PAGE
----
If you are with a big company like you claim, your company should provide you a company phone for work use. I understand others that have mandatory conference calls from small businesses that have to use their personal phone. Maybe now is the time for those companies to find alternative means of summoning madatory conference calls or pay the employees for charges. All my conference calls are through a company paid cell phone.

        • sorandkairi

          Exactly! Don’t bitch about $0.20.

        • All they do is reimburse you up to 50% of your plan aggregate, so $50.

          It’s not like anyone on here knows what they are defending.

        • John Masters

          I get your point…I just called into a regular weekly call this morning, and got the warning, and I think some folks at my company use several of these lines. I have one, but the one I used didn’t give me the warning.

          That said, I just tested using the Hangouts dialer, and it worked fine. If you haven’t used the Google Hangouts dialer, you open it, and it’s basically the same phone interface you use on the phone…one extra button click.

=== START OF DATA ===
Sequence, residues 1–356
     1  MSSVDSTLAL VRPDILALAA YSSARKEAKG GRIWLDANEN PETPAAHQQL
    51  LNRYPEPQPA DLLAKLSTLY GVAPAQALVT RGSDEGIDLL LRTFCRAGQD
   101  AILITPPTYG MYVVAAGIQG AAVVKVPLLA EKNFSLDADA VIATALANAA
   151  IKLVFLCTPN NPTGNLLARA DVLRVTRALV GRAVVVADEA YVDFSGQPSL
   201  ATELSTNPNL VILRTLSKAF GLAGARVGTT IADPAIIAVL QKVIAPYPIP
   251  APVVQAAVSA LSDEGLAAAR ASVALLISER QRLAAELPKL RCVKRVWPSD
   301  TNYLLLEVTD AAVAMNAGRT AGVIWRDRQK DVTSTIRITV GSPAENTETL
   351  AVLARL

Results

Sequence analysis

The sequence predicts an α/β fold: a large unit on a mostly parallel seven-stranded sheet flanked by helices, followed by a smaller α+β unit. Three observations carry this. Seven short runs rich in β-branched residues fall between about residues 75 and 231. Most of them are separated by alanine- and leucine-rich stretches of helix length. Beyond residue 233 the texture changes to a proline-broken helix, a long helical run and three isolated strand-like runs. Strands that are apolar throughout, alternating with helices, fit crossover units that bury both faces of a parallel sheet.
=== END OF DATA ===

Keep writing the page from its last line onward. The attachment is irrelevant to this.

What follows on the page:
Yes, annoying, but that’s a solution that’s not too great a burden. If, however, you just want an excuse to leave T-Mo, that’s up to you.

        • Totally agree with you and work arounds.

          I actually did live T-Mobile about a month ago, for various personal reasons.

          This is a small example of why they lost my business.

  • lomsha

    Some bs, nickel and diming. Unlimited calling means unlimited calling, if you are calling a toll free number you should not be charged! They are looking for ways to pay for tmobile tuesdays, smh.

  • samsung freud

    Hmm maybe the FCC will look into this too..


    I have MetroPCS which runs on the T-Mobile network and I ran into this a couple of weeks ago when I was trying to call into a conference call. I received a message stating was outside of my calling plan and would not complete the call. I contacted customer service and they said I would have to pay an additional$3.00 per month to add a feature which would allow me to call the number. Mind you I have a$50.00 unlimited everything plan.